Survey Shows that Print is Getting Lean

PITTSBURGH—May 21, 2008—More than three-fourths (77%) of North American printing company managers have heard or read about Lean manufacturing. About two-thirds of those managers are familiar with the concepts and techniques of Lean manufacturing, and about 40 percent of printing companies are using Lean manufacturing tools to improve business performance. These are among the conclusions suggested by a recent survey conducted by Printing Industries of America/Graphic Arts Technical Foundation (PIA/GATF) and Point Balance, LLC.

Lean manufacturing—often simply called “Lean”—is the term used to describe the management and production methodologies that were originally developed by the Toyota Motor Corporation. Lean focuses on avoiding and eliminating the seven wastes—defective products, overproduction, excessive work-in-process inventory, over-processing, unnecessary movement of people, unnecessary movement of products, and waiting. In the late 1980s, many U.S. companies, primarily in the automotive industry, began to implement Lean practices in order to narrow the productivity gap with their Japanese competitors.

Interest in Lean manufacturing among printing company managers has been growing for several years. Attendance at the PIA/GATF Continuous Improvement Conference—which offers a slate of Lean-related topics—has surged in recent years. In June 2007, PIA/GATF formed its Center for Lean Practices, and workshops conducted by the Center have been extremely well attended. The PIA/GATF/Point Balance survey represents the first major effort to describe the use of Lean manufacturing by graphic communications companies in a quantitative way.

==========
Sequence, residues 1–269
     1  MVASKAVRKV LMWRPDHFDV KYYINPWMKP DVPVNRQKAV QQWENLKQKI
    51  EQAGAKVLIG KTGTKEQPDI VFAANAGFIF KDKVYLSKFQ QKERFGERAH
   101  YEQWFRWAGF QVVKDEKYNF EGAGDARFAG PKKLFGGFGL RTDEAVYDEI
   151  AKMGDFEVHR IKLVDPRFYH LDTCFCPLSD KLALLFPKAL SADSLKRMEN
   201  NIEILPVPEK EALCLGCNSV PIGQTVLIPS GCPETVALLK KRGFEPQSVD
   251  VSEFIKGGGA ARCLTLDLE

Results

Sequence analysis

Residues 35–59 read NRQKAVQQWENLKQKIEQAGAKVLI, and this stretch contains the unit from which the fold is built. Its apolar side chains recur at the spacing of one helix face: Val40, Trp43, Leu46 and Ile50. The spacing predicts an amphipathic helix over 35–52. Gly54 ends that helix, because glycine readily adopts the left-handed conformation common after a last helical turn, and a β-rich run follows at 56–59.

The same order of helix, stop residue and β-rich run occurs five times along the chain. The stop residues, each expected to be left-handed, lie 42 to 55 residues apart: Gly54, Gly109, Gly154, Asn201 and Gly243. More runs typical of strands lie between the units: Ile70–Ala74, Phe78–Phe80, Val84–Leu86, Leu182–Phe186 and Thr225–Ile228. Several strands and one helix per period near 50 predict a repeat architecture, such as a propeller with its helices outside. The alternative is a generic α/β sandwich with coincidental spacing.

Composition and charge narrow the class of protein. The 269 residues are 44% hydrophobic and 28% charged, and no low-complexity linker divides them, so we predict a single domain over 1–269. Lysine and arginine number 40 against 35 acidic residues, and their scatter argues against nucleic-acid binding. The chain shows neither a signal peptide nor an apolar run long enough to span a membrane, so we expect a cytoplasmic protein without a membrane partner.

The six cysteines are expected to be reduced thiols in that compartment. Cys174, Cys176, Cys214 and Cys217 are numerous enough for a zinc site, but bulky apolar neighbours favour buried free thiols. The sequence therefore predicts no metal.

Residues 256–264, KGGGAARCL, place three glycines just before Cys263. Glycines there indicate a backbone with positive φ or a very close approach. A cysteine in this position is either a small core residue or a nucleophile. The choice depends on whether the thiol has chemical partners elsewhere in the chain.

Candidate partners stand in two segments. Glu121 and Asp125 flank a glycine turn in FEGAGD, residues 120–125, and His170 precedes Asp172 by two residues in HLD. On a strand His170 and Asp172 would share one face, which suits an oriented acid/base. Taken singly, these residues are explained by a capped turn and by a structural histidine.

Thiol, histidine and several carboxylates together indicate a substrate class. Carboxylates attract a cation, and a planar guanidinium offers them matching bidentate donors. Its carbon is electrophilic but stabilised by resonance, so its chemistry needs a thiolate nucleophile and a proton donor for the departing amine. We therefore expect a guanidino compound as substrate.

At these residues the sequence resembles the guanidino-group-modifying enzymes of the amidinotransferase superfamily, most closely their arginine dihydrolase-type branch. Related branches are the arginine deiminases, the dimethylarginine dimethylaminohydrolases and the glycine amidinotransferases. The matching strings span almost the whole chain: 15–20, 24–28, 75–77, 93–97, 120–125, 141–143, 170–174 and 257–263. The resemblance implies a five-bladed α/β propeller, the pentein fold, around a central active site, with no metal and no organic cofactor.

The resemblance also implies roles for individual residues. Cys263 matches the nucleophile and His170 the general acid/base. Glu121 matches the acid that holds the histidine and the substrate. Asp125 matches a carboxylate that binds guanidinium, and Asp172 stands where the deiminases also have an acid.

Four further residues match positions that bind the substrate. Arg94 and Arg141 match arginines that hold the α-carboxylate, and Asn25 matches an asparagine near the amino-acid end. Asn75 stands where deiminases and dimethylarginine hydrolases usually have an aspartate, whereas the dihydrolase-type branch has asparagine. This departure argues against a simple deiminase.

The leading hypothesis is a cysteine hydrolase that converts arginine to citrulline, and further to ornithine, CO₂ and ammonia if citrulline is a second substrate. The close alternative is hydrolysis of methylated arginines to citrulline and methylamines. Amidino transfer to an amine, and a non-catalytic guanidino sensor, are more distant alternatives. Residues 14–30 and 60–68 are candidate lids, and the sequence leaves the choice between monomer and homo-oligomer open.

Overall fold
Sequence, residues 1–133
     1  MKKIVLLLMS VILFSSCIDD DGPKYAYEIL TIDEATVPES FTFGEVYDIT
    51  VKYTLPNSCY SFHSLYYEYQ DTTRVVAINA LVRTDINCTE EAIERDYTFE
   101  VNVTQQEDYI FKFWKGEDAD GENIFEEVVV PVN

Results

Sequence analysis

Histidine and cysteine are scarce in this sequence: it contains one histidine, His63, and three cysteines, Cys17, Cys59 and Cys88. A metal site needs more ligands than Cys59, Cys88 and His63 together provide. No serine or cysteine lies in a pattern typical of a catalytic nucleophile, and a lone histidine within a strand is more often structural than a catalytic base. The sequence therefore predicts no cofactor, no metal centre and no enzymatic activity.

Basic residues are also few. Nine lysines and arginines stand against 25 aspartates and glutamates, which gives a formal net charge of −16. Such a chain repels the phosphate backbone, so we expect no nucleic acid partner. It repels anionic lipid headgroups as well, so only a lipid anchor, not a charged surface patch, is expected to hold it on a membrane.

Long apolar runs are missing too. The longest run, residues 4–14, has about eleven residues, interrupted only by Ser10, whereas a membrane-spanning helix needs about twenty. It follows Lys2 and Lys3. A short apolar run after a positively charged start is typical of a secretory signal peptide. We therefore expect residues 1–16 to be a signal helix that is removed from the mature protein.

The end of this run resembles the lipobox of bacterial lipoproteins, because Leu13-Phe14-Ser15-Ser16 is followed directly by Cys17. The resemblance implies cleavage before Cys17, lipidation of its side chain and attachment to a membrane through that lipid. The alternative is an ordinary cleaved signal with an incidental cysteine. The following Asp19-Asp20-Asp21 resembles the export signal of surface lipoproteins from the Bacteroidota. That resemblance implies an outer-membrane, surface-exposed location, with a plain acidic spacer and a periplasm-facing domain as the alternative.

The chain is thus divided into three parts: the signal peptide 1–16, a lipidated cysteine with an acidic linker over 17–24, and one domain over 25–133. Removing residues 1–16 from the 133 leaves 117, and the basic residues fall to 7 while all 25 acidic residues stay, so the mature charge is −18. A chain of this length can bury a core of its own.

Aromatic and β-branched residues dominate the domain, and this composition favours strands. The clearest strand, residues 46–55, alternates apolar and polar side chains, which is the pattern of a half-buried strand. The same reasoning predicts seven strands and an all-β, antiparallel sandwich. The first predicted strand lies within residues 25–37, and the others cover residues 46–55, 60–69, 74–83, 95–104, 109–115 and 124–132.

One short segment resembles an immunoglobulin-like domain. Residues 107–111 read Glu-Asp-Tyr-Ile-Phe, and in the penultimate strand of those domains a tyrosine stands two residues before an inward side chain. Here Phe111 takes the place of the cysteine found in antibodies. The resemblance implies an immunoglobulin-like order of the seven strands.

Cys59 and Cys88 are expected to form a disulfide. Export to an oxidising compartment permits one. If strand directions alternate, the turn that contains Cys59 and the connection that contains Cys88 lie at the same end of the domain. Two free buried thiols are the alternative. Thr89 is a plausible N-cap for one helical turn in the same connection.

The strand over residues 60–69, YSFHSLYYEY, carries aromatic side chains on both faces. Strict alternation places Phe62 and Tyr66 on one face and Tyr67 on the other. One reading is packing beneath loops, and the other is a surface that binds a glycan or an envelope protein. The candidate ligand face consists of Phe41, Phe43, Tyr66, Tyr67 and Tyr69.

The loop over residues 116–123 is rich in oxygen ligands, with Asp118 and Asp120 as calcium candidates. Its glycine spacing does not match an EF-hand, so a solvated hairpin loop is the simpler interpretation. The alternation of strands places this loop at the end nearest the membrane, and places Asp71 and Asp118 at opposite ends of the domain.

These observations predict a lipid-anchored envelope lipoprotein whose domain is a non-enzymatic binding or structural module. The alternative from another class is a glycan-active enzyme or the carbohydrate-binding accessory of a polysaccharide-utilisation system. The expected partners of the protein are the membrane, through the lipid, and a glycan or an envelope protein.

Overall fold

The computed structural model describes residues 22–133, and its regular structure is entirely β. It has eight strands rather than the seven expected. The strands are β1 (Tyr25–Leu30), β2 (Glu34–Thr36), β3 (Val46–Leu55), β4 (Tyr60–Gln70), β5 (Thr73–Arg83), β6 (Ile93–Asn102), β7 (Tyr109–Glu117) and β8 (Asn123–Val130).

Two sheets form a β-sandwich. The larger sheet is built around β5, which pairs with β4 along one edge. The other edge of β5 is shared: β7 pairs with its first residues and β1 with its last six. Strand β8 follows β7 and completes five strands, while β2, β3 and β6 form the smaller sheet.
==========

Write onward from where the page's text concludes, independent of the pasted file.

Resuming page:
In addition to measuring the overall familiarity with and use of Lean manufacturing, the survey identifies what specific Lean tools printing companies are using, which tools have been the most beneficial, and which tools have been difficult to implement and use. The introduction of Lean manufacturing practices often creates a need for new business performance measures, and therefore the survey also identifies what performance metrics Lean printing companies are using.

“It’s not surprising that printing managers identified 5S as providing the greatest benefit of the 13 tools and techniques we asked them about,” said Jim Workman, PIA/GATF’s vice president of training. “What is surprising is that roughly half of the Lean users said they have applied Lean tools and techniques to their non-manufacturing areas.”

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